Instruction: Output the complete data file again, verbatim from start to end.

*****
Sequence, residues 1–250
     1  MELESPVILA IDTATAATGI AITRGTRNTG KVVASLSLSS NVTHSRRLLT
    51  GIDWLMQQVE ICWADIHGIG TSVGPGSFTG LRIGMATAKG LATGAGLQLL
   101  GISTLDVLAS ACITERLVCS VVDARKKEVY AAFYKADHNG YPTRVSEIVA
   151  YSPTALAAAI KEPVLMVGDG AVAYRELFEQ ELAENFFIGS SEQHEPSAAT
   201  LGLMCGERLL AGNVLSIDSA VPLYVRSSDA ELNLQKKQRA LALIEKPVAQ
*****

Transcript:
Sequence, residues 1–250
     1  MELESPVILA IDTATAATGI AITRGTRNTG KVVASLSLSS NVTHSRRLLT
    51  GIDWLMQQVE ICWADIHGIG TSVGPGSFTG LRIGMATAKG LATGAGLQLL
   101  GISTLDVLAS ACITERLVCS VVDARKKEVY AAFYKADHNG YPTRVSEIVA
   151  YSPTALAAAI KEPVLMVGDG AVAYRELFEQ ELAENFFIGS SEQHEPSAAT
   201  LGLMCGERLL AGNVLSIDSA VPLYVRSSDA ELNLQKKQRA LALIEKPVAQ